Polycystic ovary syndrome (PCOS) is associated with an increased risk of gestational diabetes, but this risk is heightened significantly in the presence of obesity, according to new research.
In a population-based cohort study that included more than 1.2 million hospital live births, PCOS was associated with a 5% increase in risk for gestational diabetes. Almost 90% of this association was mediated by obesity.
“Women with PCOS are at higher risk, but it’s only 5% higher than the general population. However, that risk rises substantially with obesity,” senior author Maria P. Velez, MD, PhD, clinician-scientist and associate professor of obstetrics and gynecology at Queen’s University in Kingston, Ontario, Canada, told Medscape Medical News. “Our study highlights the need for counseling our patients about the importance of weight optimization, ideally starting with lifestyle changes like diet and exercise.”
The findings were published October 10 in the Journal of Obstetrics and Gynaecology Canada.
The estimated prevalence of PCOS is 8% to 13%, and affected patients often present with anovulation, hyperandrogenism, obesity, metabolic syndrome, and infertility. Prepregnancy insulin resistance is common among women with PCOS and may play a major part in the pathogenesis of gestational diabetes. In addition, PCOS is often accompanied by excess weight gain; about 60% of women with PCOS are overweight or obese.
Previous research has shown that PCOS is a risk factor for gestational diabetes independent of obesity, while other research has shown that obesity has an important effect on this risk.
For the current study, the researchers used causal mediation analysis to elucidate more clearly the effect of obesity on the development of gestational diabetes among patients with PCOS. No previous study has used causal mediation analysis to examine this relationship.
Using data from linked universal health databases in Ontario, the researchers analyzed data on 1,268,901 births between 2006 and 2018. Of these births, 386,748 were associated with maternal PCOS.
The rate of gestational diabetes was higher among women with PCOS (60.2 per 1000 births), compared with women without PCOS (48.6 per 1000 births). The finding resulted in an adjusted relative risk (aRR) of 1.05. Obesity mediated 89.7% of this association.
“We hope that these data will inform preconception counseling and gestational diabetes screening in pregnant women with PCOS,” said Velez. “We have the data now to counsel our patients on the importance of weight management before preganancy. But we need more resources, such as specialized clinics, to help these patients cope with managing their weight. We can tell our patients to work on their weight management, but they need much more support from the healthcare system.”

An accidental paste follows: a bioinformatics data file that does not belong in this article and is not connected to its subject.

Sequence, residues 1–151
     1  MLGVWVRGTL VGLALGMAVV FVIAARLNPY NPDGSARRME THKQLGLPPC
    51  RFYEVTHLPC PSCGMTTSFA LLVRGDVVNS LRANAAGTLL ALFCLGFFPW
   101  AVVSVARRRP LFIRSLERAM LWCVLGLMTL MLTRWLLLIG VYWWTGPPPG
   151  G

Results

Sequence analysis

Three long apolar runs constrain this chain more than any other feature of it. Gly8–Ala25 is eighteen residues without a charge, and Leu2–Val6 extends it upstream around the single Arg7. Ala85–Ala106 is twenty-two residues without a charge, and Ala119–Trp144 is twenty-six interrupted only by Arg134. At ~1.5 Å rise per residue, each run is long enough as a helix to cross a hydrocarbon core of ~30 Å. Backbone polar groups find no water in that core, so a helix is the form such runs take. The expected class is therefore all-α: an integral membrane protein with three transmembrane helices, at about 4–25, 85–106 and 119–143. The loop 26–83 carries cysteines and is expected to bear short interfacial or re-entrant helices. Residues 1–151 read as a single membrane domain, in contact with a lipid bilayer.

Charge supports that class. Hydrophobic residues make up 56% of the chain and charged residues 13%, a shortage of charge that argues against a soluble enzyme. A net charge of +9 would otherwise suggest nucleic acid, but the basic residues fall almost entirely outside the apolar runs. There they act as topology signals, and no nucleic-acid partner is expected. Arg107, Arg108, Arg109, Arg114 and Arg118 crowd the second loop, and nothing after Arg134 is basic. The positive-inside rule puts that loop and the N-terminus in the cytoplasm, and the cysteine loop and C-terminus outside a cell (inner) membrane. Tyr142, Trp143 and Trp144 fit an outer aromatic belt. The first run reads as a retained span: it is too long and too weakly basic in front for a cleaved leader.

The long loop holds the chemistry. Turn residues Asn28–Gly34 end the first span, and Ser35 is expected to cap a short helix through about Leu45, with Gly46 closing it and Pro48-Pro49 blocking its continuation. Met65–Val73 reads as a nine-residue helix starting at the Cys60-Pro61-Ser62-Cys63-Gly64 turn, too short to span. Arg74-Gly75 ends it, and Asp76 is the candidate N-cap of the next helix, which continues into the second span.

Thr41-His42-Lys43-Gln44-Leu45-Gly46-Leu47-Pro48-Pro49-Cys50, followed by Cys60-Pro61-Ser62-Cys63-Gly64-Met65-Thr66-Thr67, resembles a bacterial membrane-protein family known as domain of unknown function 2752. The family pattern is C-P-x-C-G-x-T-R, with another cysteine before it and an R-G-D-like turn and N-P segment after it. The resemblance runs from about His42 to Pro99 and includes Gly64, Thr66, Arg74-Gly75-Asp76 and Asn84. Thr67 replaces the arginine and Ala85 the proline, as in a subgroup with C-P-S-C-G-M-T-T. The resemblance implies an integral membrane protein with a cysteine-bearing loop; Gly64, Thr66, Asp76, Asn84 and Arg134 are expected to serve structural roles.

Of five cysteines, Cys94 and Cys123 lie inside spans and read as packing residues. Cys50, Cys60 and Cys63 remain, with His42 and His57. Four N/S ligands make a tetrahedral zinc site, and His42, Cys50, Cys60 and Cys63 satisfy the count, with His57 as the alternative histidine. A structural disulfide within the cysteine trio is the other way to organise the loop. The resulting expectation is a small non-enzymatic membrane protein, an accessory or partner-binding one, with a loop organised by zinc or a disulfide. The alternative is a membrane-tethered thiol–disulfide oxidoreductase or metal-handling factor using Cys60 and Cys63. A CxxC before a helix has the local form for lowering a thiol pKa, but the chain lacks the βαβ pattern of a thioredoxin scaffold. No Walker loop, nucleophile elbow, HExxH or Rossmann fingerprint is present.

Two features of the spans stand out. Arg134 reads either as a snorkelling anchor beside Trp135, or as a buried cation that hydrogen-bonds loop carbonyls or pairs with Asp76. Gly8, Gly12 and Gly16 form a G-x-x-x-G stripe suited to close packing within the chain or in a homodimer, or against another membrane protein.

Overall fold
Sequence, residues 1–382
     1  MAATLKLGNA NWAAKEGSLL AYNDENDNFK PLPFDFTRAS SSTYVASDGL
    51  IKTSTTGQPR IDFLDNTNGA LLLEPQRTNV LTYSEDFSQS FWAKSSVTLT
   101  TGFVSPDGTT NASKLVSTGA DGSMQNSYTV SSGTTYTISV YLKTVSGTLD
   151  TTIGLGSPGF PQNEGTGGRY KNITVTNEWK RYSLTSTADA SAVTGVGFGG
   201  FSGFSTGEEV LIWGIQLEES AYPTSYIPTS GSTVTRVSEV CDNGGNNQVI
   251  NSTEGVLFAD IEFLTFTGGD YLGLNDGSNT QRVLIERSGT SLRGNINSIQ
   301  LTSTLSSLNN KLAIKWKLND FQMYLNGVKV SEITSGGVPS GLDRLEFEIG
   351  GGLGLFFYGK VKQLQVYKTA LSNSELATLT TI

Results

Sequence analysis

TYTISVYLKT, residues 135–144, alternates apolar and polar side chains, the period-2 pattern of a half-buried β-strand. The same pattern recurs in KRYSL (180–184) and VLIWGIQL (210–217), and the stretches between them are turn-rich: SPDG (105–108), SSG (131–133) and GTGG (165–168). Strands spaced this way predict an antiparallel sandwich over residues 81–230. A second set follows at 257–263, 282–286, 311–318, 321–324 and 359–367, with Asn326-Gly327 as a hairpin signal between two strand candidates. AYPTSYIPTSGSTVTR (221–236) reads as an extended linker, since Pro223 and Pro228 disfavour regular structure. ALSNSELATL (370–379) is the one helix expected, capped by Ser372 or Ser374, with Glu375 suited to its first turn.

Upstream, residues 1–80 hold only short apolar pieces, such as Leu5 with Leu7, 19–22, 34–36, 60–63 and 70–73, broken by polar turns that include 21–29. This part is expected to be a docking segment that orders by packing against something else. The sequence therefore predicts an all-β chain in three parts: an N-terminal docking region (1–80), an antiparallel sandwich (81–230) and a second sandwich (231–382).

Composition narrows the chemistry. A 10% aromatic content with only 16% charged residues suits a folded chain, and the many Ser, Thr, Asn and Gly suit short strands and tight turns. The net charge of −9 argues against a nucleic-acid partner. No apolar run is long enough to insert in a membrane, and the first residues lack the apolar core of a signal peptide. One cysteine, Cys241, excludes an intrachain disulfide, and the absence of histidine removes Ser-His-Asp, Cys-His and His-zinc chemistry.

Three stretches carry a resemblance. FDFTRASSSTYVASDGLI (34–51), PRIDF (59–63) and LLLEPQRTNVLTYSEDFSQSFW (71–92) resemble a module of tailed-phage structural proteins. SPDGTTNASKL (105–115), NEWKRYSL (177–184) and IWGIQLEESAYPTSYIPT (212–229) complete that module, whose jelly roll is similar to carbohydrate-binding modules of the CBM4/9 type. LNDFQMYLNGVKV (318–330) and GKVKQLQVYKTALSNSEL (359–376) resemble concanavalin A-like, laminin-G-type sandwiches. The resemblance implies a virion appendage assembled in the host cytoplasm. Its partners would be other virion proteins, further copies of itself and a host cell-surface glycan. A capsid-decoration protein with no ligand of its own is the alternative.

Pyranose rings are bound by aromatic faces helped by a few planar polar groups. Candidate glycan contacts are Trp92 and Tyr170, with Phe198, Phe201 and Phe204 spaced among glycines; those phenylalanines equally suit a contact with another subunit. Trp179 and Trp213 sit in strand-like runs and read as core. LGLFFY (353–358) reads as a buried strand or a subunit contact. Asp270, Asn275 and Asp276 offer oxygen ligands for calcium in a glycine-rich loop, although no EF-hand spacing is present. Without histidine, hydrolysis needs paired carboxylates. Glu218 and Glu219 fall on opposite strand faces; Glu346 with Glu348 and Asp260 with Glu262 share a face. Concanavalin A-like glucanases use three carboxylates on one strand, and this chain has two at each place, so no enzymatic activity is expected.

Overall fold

Results “Not Surprising”
Commenting on the study for Medscape, Francine Hippolyte, MD, vice chair of obstetrics and gynecology at Long Island Jewish Medical Center, Katz Women’s Hospital, in New Hyde Park, New York, said that the results are “not at all surprising.” Hippolyte was not involved in the research.
“We do know that PCOS is and should be treated as a metabolic syndrome. It’s a lot more than just infertility or changes or abnormalities with one’s menstrual cycle. It impacts a woman’s risk for diabetes, prediabetes, and abnormal lipid profile, regardless of whether or not she is obese,” said Hippolyte.
She agrees with the need for specialized clinics to help such vulnerable patients manage their weight.
“It would be great if insurances would cover things like nutritional counseling or have nutritionists on their roster so that patients can easily access that service. Many patients want to do right, especially preconceptually, but it is difficult without having access to resources. Unfortunately, as clinicians, we’re not as well versed in nutrition as we would like to be or should be, so we need a multidisciplinary approach. We need nutrition and weight loss clinics and proper services to really help these patients.”
The study was supported by the Canadian Institute of Health Research and ICES. Velez and Hippolyte reported no relevant financial relationships.
J Obstet Gynaecol Can. Published October 10, 2023. Abstract
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